m) Lobby card from the movie 'Pehli Jhalak', Aristo Cine Service, Mumbai, 1955
Lobby card of actress Vyjayanthimala playing Beena in the film ‘Pehli Jhalak’ (dir. M. V. Raman, 1955). This portrait is shot during the song ‘ham dard jo banta hai, gareebonka zamaana, ye bhi hai amiron keliye bahana’. She is dressed as a courtesan in a play and sings to an audience from the stage (singer: Lata Mangeshkar).

n) Lobby card from the movie 'Shree 420', Photograher Unknown, 1955
An iconic lobby card of Raj Kapoor and Nargis as Ranbir Raj and Vidya respectively in the film ‘Shree 420’ (dir.Raj Kapoor, 1955). This is a shot from the song ‘pyar hua ikraar hua hai’ sung by the actors huddled under an umbrella in the rain (singers: Lata Mangeshkar and Manna Dey). The song appears at a point in the film when Vidya and Raju declare love for each other amidst the challenges of urban poverty and struggle.

o) Portrait of the actress Nargis, Photograher Unknown, c. 1960
A facial portrait of the actress Nargis (1929-1981), of the real name Fatima Rashid, shown here with a cigarette. She beholds the suggestion of a westernised character with negative attributes, for the typical Indian heroine as ideal woman was never shown smoking. The figure here is similar to her double role in the film ‘Anhonee’ (1952) in which she appears as Mohini, a dancing girl who smokes and schemes against her ideal sister – Roop.

p) Portrait of a lady's back, Photograher Unknown, c. 1870
An unusual portrait of a woman with her back turned towards the camera. Such an image would have not been taken for the client herself, but possibly for an ethnographic study. It would typically be part of a set of two images – with the other depicting her body frontally. Gauging from her garments, she appears south Indian, wearing the chequered pattern of textile from Tamil Nadu for a sari and a striped silk blouse. The photograph allows for the silver ornaments in her hair and neck to be seen from behind.

q) Portrait of a lady, Photograher Unknown, c. 1880
Portrait of a young woman, heavily bejewelled and richly dressed. She appears young, and her attire indicates membership to a wealthy social class. The image captures in great clarity, the heavily patterned textile of her blouse and dupatta, as well as details of the upholstered chair she supports herself with.

r) Portrait of Vijayaraje Scindia, Hamilton Studios, c. 1940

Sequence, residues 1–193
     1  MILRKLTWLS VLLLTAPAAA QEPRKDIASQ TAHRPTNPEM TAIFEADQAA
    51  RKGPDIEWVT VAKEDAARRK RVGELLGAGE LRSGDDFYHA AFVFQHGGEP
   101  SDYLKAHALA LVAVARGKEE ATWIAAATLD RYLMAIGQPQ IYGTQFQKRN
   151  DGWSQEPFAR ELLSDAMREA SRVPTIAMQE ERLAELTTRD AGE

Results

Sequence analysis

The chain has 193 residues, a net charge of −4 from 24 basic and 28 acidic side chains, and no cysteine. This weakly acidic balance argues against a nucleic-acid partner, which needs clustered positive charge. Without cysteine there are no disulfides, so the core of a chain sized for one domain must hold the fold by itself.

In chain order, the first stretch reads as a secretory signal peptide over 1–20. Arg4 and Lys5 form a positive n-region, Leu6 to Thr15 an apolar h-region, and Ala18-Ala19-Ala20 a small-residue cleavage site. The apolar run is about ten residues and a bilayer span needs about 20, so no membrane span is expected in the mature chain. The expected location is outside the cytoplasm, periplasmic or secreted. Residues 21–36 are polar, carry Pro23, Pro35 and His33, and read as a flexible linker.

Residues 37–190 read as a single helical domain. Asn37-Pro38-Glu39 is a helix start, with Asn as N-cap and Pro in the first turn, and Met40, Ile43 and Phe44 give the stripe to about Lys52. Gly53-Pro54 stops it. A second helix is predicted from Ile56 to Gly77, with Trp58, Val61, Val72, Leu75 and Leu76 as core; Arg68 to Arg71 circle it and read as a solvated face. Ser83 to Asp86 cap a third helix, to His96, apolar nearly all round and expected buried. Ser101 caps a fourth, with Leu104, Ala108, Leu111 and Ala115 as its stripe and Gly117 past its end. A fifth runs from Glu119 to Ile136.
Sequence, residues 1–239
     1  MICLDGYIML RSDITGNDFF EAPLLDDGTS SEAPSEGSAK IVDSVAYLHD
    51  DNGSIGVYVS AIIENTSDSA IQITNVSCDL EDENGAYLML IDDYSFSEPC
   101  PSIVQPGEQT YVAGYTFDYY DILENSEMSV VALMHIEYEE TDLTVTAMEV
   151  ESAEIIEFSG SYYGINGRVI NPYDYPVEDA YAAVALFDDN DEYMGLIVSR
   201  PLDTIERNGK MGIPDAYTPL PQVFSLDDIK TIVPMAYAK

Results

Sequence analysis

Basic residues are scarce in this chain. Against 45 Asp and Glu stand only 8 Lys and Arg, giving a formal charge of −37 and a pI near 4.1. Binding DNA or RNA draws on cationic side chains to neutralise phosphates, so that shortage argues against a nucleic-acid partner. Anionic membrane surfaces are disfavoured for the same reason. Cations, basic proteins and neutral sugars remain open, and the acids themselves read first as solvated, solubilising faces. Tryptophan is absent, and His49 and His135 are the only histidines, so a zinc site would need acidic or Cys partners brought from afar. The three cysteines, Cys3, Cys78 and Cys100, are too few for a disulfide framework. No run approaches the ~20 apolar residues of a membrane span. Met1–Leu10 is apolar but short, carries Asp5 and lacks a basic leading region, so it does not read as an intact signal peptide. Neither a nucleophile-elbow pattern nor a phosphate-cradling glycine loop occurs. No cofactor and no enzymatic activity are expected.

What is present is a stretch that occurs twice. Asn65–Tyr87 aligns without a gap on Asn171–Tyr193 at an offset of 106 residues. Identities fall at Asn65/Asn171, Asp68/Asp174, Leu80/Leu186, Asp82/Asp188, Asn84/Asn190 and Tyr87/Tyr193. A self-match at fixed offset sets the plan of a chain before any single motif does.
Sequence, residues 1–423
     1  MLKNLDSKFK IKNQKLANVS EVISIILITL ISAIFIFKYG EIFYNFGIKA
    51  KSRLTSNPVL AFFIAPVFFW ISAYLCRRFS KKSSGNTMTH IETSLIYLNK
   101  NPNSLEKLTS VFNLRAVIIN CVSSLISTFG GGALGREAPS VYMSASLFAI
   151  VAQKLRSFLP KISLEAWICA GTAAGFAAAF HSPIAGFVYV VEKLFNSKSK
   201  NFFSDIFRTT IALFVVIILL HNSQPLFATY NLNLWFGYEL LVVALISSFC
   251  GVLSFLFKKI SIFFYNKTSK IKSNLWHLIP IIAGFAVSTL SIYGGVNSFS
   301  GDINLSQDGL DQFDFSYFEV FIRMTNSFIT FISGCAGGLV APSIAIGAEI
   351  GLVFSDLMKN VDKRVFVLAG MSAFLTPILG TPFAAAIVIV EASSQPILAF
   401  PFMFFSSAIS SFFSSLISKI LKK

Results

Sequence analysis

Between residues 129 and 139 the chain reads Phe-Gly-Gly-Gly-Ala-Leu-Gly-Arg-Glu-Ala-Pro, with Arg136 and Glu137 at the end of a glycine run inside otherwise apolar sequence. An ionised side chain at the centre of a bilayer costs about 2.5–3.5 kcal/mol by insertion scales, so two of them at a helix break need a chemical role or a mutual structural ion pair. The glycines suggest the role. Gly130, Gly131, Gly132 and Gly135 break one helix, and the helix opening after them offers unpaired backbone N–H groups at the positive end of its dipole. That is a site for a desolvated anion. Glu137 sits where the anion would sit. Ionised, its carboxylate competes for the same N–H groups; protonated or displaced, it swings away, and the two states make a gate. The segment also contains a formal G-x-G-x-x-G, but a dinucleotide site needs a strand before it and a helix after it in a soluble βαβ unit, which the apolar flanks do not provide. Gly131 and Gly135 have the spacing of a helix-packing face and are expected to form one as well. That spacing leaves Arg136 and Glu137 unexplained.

A full-length portrait of Vijayaraje Scindia, Maharani of Gwalior (1919-2001), taken c. 1940 by Hamilton Studios, Mumbai. She is dressed here as a princess in a rich gold-bordered sari with her head covered, and leans against a pillar with a flower bouquet. She was born Lekha Divyeshwari, and was politically very active in both houses of parliament.

s) Maharani Menaka Devi, Lenare Studios, c. 1940
Attributed to Maharani Menaka Devi, younger sister to the Maharani of Jaipur, Gayatri Devi, married to Maharaja Yeshwantrao Puar of Dewas Jr., a princely state of Madhya Pradesh. Menaka Devi is here dressed in a sari but her short bob indicates westernised taste. This falls in line with the liberal ways of the house of Cooch Behar where her parents Indira Raje and Jitendra Narayan were regents. The photograph was taken at Lenare Studios, 28 George Street, Hanover square at Mayfair.

t) Portrait of Maharani Gayatri Devi, Vivianne, London, c. 1945
Studio portrait of an unknown woman reclining on a chaise lounge. Her traditional attire of sari and jewellery is in stark contrast with the Victorian furniture and painted backdrop of the studio, yet photography demanded such relocations of persons and surroundings.

About Subjects & Spaces: Women in Indian Photography, 1850s – 1950s

This exhibition presents a unique selection of images from the archives of the Tasveer Foundation, including studio portraits, film stills, post cards, cabinet cards and lobby cards. These various photographic mediums take us on a journey from colonial studies of Indian women in the 19th century, to private studio portraits from the early 20th century, and then to iconic and glamorous photographs of Bollywood actresses in the mid 20th century. In doing so, the exhibition offers a unique insight into the social and cultural milieu of an important period of Indian history, whilst investigating the function of the photographic medium during this time.

Rather than a chronological presentation, the photographs seen here are divided into five distinct sections, investigating the social and cultural status of women within a variety of settings, or spaces. From indoor, domestic spaces that demonstrate ‘ideals’ of demure, chaste womanhood, to the performative spaces (within cinema and theatre), where women were represented in enclosures of fantasy and sexuality, to the abstract spaces, exploring pictorial self-representation. This segmentation encourages us to look at how spacial enclosures may alter the viewer’s perception of the subject.

Juxtaposing iconic images of cinema legends such as Nargis and Vyjayanthimala, with women that remain anonymous and nameless, also invites us to engage with the gaze of subjects, eliciting the identity of the sitter through clues from within the space – dresses, garments, props and poses. Provoking a dialogue between the public gaze and the private self, between national and international audiences, between coded notions of respectability and morality and in doing so, investigating the representational power of the female form.